As Matt and Cat never tire of pointing out, this website started as a hobby, is independent and takes no money from restaurants.
This gives them the freedom to air their honest opinions, and the liberty to please themselves without anyone pulling their strings.
Having written a fairly enthusiastic review of what was then the new Phileas Foggs back in 2009, they didn't see any need to write another one in any hurry. Not because they didn't want to go back to this very nice venue - on the contrary, they’d had some good food in a lively atmosphere. However, as each review involves a modicum of preparation, usually an evening spent in a restaurant and then several more hours crafting their opinions and processing photographs, M&C tend to target their revisits for mercurial places where the review might no longer be accurate, or which elicit polarised opinions from commenters to this website. The new owners of Phileas Foggs implored Matt and Cat to "visit us soon, we need an up-to-date review" - but, as the word was that all was still rosy in the house of Fogg, it took a bit of time for them to do so.
Eventually, of course, it happened. Matt and Cat made no mention of their impending meal to the new owners, who naturally enough got the anonymous review treatment. The big question is, has Phileas Foggs lost its way or does the earlier positive review still hold muster?
Phileas Fogg, the main character in the 1873 Jules Verne novel Around the World in Eighty Days, bears a name often appropriated to indicate global travel and a cosmopolitan taste: convenient things to associate with a restaurant. The clever concept behind Phileas Foggs, and the idea which explains the name, is that the menu has dishes from a range of different cuisines around the world. Rather than a Chinese restaurant, and Indian restaurant, or even a Tex-Mex, wouldn't it be fun to eat somewhere that is all these things and more?
The venue itself, bore no traces of its earlier tea shop incarnation. Clean, bright and airy, it conformed to the modern restaurant stereotype with its wooden furniture, carpetless floor and bold artworks. In some ways, it might have been fun to honour its eponymous traveller and fill the place with souvenirs from around the world in eighty ways. Punters could join in, sending snow globes from Calcutta, figurines from Yokohama and so forth. However, not only would this be a nightmare to dust, it might soon draw the unwelcome attentions of TV’s clutter-clearers. Perhaps not such a good idea after all!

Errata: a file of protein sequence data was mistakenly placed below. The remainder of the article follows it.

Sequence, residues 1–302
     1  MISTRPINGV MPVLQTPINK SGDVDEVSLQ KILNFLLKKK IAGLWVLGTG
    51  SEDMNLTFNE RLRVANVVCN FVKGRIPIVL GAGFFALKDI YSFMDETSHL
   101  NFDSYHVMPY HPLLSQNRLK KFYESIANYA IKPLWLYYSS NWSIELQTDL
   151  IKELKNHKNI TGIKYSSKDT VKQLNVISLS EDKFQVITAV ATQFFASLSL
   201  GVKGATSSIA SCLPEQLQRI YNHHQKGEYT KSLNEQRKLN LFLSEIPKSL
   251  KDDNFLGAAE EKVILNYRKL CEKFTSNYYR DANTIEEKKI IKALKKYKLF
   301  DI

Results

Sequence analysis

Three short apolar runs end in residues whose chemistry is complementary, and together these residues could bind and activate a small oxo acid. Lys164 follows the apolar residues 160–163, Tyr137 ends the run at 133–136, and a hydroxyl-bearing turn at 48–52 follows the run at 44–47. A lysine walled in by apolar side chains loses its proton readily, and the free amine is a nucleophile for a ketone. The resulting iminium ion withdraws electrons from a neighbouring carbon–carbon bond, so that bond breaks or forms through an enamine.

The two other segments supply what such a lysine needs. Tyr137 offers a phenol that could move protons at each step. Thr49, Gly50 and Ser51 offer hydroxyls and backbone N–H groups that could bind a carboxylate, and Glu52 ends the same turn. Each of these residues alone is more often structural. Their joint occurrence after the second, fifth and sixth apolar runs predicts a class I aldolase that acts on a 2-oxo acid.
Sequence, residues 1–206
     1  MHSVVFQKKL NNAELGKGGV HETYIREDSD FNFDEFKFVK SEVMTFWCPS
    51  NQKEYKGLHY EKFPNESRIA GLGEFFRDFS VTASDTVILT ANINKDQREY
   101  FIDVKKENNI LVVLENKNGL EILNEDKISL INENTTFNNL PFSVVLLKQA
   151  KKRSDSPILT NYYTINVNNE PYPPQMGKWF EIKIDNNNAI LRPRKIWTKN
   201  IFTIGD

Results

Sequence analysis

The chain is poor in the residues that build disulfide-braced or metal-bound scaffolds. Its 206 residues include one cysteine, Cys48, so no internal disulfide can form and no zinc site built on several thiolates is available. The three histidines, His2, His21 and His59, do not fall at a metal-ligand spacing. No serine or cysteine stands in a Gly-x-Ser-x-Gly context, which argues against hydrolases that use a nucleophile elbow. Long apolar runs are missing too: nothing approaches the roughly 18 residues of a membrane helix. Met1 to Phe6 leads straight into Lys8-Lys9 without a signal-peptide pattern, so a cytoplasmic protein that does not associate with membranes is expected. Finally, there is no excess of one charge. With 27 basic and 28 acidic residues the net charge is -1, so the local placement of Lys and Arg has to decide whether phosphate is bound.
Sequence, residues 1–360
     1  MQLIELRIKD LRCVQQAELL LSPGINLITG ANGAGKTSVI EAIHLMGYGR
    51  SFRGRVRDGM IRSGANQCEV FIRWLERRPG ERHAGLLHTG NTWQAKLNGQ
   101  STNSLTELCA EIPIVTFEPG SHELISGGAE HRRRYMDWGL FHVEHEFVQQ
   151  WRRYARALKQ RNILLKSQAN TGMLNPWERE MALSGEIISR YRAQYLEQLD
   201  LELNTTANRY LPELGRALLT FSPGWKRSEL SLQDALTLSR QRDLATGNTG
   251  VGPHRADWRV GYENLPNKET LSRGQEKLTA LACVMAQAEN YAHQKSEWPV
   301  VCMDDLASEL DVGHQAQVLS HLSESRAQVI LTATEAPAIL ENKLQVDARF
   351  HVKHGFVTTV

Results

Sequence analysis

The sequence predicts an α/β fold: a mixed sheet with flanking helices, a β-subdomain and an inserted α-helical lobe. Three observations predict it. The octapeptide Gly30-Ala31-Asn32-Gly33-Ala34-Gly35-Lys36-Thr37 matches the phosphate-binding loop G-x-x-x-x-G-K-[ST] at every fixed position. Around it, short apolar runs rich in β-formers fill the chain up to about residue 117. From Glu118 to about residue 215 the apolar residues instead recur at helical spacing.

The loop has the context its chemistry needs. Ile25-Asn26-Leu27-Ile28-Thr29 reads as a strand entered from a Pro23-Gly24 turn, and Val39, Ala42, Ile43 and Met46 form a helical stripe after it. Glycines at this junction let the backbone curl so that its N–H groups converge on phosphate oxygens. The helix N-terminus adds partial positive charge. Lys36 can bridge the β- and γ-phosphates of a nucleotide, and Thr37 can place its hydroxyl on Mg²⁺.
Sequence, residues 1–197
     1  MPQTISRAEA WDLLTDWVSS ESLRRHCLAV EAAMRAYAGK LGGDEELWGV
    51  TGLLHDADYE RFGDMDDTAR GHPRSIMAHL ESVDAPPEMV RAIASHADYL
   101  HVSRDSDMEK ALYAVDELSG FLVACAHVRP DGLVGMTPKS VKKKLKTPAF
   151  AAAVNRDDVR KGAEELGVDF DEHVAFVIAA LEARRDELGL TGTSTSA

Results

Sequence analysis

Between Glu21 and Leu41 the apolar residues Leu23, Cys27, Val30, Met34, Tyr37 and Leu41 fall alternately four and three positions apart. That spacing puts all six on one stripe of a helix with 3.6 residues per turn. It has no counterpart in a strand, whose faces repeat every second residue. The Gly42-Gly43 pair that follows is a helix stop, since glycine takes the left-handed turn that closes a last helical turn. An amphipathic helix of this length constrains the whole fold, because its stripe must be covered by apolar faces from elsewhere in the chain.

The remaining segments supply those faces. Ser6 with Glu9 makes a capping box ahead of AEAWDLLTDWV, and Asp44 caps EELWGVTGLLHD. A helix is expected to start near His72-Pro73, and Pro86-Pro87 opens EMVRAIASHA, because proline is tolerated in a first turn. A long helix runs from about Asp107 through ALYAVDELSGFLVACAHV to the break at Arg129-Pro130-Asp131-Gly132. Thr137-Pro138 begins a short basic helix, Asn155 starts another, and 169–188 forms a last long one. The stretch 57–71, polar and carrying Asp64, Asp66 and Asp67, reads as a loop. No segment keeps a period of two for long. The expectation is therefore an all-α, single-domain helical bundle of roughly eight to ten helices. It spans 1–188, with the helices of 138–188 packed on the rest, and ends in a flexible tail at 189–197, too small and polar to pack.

Although appreciating the germ of an interesting concept, the first time M&C visited Phileas Foggs they made gentle yet veiled references to the fact that the menu may have been a bit over-ambitious. The unique selling point of the restaurant and the reason for its (grammatically incorrect) name was this comprehensive offer of world cuisine. No corner of the globe was unrepresented. Nowhere was this more obvious than in the epic menu, presented in a vast tome. Back then, before Matt and Cat had finished flipping through pages and pages of diverse dishes, they equated the experience to browsing a gap-year photo album; like a flick-book of the world, too disparate and too long.
As they once again manipulated the hefty albums with slightly sinking hearts, Matt and Cat were relieved to discover that more than half of the pages were now completely empty. The new owners of Phileas Foggs have under-emphasised the international cuisine theme and developed a shorter and much more focussed menu. It was as if Phileas Fogg’s travels had been updated for the jet age, the cumbersome carpetbag had been exchanged for lightweight hand luggage. This is definitely a good thing.
Having dispensed drinks, the extremely friendly waitress dealt with the business of the food. Matt had starter of squid. Always optimistic that he will be served another portion akin to that acme of squid starters at Elliot's, he was keen to see what Foggs could rustle up. His salt and pepper squid with fried garlic, chilli and spring onion was served with almost superfluous dips. The healthy pile of fresh herbs and greens, laced with fresh chilli, was all that was needed to do justice to the lightly-battered mollusc. A great start.
Matt’s roast pork fillet, creamy mash, IW asparagus and salsa verdé was the most beautifully presented of the three mains that were delivered to their table. The meaty pork tower had a leafy mash foundation, regimented asparagus ground floor and a turret of folded proscutto. This was Matt's first Isle of Wight asparagus of the season and, in a year when it's not that easy to come by, it was worth the wait. The whole dish worked excellently.